I’ve been working on this oak chest on and off for the last month or two and finally got it completely put together. It’s a simple design I based primarily on the few large items that need to fit inside. I just need to decide if it’s getting Tung oil or stain.
It should be a large improvement over my first prototype and is for our oldest son’s childhood mementos. I also haven’t decided if I want to build a tray for it. Next chest will probably use box joints on the corners.
New Poster Frames
I recently got a few new additions to my poster wall that I needed to build frames for. I wanted the style to match the larger frames I had purchased for my other posters, so they ended up being pretty easy to make. The one new thing I did was follow a suggestion a good friend gave me some time back for wood filler. I’d never been happy with the various brands I tried so he recommended just mixing glue and sawdust from the wood I was using to the consistency I wanted. I gotta say, I really like how easy it was to get just what I was looking for and the end results.
Cutting Frame Sides
Gluing Nailing and Filling
Emerson Shelf with Toys
This was a present I made for our friend’s adorable bundle of cuteness, Emerson. His first birthday is in a few weeks and we were home for the weekend so we decided to deliver it early. It’s a pretty big deviation from my old designs for name shelves (here|here|here|here) but this one won’t cover the name when you use it and has a bunch of different places to put things. The large letter is designed to unscrew from the back so they can easily finish it however they would like. I previously teased this new design here. Some process photos below.
Emerson Shelf plans
Emerson shelf back plate
Emerson shelf assembled
Emerson Shelf sanded
I had time to make a thing this weekend, and this blocky looking “M” thing is part of it. Alas, it is also going to be a gift so I can’t post much more than that until it is given.
Inktober starts tomorrow! (I’ll probably only upload them on the weekend)
Now that we have more than two drivers in the house we have started this weird shuffling of cars that required a central place to leave the keys. I thought that was the perfect excuse to get out in the garage last week and make a thing! It’s very quick and dirty, made of spare parts I had lying around. Maybe I will paint or stain it someday. An exceedingly short person would also notice that the method I choose to affix it to the refrigerator is not very pretty (an old harddrive magnet).
Memory Chest Prototype
Our oldest son will be graduating highschool this summer, so my wife and I wanted to make him a nice chest to hold all the things we’ve been collecting for him since he was a baby. I thought I would make a prototype first, before making a bunch of mistakes with more expensive hardwood, and I sured “learned” quite a few lessons in the process. I decided to use lock-rabbit joints for simplicity with the tools I had. Overall, I think this one came out a little rough around the edges but nice. We are going to tweak the dimensions and the design a bit and then carefully create the real thing.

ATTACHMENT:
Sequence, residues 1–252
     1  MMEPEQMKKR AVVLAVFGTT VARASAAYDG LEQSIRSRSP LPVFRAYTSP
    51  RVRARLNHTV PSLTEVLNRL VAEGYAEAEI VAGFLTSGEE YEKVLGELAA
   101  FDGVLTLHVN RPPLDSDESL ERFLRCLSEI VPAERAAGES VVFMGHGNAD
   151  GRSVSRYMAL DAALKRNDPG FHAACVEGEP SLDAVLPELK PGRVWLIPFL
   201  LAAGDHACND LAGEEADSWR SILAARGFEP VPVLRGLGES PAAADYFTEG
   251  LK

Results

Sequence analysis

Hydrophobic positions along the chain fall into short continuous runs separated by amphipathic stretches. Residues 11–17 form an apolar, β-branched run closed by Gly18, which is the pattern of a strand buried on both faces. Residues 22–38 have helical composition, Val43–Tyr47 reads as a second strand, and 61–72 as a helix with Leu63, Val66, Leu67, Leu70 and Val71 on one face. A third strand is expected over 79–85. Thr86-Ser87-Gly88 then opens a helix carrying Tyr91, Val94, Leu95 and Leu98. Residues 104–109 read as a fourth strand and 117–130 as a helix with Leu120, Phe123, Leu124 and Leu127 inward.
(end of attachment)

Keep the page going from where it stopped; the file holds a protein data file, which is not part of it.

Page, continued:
Lock Rabbit Joint
Memory Chest Prototype
new table top
My wife bought a table a few weeks back that was really cute, but the top had been replaced with some veneered fiber board. This seemed like a good time for me to start my pipe-clamp army and I made her a new one (above).
old top off
boards clamped up
routed and stained
new table top
I also threw together this base for my pipe clamps. I bought three 10′ iron pipes and cut them into pairs that are 2′, 3′, 4′, and 6′. I bought four sets of the IRWIN 1/2″ fittings.
pipe clamp condo
wood name shelves
Some friends of our just added another little boy to their family so we thought we’d make them matching shelves for the boys room.
I’ve made a few of these before here and here.
the greatest of these
This past Sunday we had a great sermon on God’s love, which made me think up this little woodworking project. It’s a shortening of 1 Corinthians 13:13. I’m still trying to figure out how to finish/stain/paint it.
Originally sketched on paper, laid out in inkscape, and cut with my scroll saw.
This first weekend of the year I got a little extra time off, so we spent a lot of it together as a family (watched great some movies at the theater and home), got all our Christmas stuff packed back away, and had time to throw in a little woodworking. I’ve really wanted to make a sled for my table saw for some time now, to make cross-cutting and jig work easier, and I finally got around to it. This was not the easiest task as the Skil portable tablesaw I own has T-slots for the miter gauge rail. Now I just need to get a couple of different toggle clamps to do just about anything with this one, and make another smaller one for angle work.
All of this was also made considerably easier by my new army of clamps. Thanks to a few generous Christmas benefactors and one of my two cheap clamps breaking, I finally put up some cash and got a two sets of quick clamps (the four-packs were on sale). Quiver before my army you loosely attached or un-affixed lumber!